Media Money with Julia Boorstin

Viacom Beats expectations on Upside from Paramount

Viacom Chairman Sumner Redstone is as confident as ever that "content remains and will always remain king." On the media giant's earnings call he and CEO Philippe Dauman optimistic about the value of content as well as the marketplace, and cautiously optimistic that advertising revenues would recover sequentially from throughout the year. The stock rose in early trading on signs that Viacom's doing a good job of managing costs, which compensated for declining revenues and helped profits.

Excluding one time items — favorable foreign exchange impact and lower interest expenses — Viacom earned $1.09 per share, handily beating analyst expectations. The media giant's earnings were up dramatically from last year's quarter when Viacom took significant restructuring charges. The company's revenue dropped 3.4 percent, which was primarily a factor of lower ad revenues, which dropped 3 percent world-wide and 4 percent domestically.

Though the majority of Viacom's business is its cable networks, its studio provided a healthy boost. Revenues in filmed entertainment fell one percent but its adjusted operating income exploded from $84 m in the year-ago quarter to $298 m this past quarter. Costcutting is working and surprise hits like "Paranormal Activity" had a phenomenal impact. Despite the fact that DVD sales have been struggling industrywide, Paramount's home entertainment division showed a 12 percent increase this past quarter, thanks to strong DVD and Blu-Ray sales of Paramount's blockbusters like "Transformers 2", "Star Trek" and "GI Joe" as well as higher TV fees.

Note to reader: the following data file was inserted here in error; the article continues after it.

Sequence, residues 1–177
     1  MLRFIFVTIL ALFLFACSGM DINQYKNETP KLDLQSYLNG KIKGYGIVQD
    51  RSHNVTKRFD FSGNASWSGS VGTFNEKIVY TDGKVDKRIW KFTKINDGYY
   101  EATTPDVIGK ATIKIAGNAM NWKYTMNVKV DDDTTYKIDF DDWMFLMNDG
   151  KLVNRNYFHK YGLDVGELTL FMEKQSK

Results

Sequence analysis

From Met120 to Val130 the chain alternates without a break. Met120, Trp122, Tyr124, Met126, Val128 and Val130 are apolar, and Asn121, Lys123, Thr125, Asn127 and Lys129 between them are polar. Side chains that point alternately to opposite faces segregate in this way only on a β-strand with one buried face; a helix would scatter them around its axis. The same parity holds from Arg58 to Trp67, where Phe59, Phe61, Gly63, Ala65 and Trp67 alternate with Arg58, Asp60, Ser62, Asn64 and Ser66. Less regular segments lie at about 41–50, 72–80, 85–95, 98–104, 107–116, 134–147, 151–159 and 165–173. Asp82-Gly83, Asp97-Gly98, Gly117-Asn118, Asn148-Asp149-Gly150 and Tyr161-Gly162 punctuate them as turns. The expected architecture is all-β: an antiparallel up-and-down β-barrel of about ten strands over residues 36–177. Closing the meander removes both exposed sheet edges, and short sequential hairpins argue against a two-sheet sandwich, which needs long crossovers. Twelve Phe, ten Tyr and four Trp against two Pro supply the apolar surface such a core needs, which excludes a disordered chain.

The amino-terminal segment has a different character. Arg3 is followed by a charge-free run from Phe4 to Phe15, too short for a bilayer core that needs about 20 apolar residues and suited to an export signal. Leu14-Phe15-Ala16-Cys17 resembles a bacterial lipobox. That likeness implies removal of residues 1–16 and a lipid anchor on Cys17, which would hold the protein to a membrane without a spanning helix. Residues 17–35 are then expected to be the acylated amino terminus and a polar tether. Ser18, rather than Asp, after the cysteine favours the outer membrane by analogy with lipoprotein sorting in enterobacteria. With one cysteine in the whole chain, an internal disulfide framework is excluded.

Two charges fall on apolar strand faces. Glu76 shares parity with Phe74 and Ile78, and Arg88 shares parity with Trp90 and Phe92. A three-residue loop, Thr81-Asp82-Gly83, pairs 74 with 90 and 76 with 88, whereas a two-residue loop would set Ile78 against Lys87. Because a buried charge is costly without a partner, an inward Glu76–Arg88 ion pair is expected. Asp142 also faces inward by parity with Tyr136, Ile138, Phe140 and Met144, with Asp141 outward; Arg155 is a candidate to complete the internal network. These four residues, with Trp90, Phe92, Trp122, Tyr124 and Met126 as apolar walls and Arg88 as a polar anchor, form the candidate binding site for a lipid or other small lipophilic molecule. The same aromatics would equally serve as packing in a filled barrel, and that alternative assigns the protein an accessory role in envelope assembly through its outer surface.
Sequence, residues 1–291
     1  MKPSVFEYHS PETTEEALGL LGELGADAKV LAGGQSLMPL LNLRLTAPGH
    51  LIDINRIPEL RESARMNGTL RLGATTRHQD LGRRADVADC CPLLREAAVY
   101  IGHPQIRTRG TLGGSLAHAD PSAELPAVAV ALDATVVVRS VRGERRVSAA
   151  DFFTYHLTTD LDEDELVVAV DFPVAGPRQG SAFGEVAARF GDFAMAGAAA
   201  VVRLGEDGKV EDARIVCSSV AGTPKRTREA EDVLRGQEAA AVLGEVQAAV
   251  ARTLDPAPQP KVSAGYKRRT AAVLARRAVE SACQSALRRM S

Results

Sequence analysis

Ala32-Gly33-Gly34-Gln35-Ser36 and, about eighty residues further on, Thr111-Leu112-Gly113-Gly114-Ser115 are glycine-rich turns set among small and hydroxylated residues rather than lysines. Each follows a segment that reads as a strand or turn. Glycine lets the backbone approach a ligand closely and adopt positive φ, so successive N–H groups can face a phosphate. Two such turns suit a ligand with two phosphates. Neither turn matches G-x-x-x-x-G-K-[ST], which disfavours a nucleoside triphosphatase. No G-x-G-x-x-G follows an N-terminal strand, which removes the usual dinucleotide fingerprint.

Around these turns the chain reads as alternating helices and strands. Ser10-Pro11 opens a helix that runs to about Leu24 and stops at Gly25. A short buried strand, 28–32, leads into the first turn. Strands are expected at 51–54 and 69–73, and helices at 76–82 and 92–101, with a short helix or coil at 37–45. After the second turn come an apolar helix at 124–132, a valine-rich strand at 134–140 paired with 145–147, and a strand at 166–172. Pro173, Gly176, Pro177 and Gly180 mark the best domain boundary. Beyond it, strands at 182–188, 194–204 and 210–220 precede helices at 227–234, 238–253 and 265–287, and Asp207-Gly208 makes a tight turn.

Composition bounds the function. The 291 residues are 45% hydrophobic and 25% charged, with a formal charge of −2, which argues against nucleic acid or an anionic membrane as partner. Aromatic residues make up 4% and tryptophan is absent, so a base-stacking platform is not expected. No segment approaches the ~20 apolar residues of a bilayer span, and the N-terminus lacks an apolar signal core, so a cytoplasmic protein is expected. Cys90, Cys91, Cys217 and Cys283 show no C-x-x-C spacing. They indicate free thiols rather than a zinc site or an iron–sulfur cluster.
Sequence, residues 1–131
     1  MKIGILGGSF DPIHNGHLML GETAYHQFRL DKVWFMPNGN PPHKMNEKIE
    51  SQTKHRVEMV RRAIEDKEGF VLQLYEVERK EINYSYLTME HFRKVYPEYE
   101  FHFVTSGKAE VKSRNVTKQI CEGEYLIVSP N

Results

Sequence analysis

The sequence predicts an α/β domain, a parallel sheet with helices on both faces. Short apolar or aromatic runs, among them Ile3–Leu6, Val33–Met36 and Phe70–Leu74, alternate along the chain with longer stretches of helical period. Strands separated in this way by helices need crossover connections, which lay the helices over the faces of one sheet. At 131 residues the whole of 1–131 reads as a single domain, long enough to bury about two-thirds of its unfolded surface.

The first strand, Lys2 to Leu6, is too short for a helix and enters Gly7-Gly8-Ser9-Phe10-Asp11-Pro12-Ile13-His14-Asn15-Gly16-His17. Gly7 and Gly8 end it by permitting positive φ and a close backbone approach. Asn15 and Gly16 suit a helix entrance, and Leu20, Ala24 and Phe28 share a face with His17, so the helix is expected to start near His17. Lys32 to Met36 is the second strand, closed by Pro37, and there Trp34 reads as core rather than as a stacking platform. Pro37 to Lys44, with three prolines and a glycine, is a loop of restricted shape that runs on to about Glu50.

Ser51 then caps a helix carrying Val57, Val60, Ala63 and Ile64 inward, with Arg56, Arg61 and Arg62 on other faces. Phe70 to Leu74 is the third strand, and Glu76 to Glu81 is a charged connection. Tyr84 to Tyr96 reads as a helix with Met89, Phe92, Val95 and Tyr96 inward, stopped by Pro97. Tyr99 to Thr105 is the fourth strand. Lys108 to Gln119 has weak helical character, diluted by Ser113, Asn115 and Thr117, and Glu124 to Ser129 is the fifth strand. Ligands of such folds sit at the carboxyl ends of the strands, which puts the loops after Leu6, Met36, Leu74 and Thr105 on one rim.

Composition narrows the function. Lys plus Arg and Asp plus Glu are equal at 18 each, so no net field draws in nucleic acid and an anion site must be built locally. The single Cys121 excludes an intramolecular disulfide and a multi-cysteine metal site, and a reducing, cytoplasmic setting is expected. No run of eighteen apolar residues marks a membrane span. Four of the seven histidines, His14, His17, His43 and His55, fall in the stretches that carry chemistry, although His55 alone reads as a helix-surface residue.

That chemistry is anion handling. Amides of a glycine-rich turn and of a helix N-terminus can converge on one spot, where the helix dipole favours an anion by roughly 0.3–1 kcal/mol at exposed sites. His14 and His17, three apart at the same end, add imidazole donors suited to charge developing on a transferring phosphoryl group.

MTV, which has struggled in recent quarters, is in the spotlight as hits like "Jersey Shore" helped bolster ratings. The question is whether MTV, which has dropped the 'music' from its tag line, can turn this kind of one-off hit into a new trend. The fact that ad revenues were down 4 percent both this past quarter and the prior one isn't particularly reassuring. But to give those stats a positive twist, Dauman said that MTV has been able to raise prices as the season progressed, and it's already looking better for this quarter. Rock Band continues to be a real drag on results: the music video game business is weak and is unlikely to get much healthier this year.

So what next?

Like all the other media CEOs we've heard from this past quarter, Dauman placed huge emphasis on digital distribution. While new business models and devices emerge, Viacom says it wants its content to be available on all platforms. As Apple readies to launch its iPad, that push to distribute on all platforms seems more relevant than ever.

We'll see how fast Viacom and its peers can leverage these new platforms to boost their bottom line.

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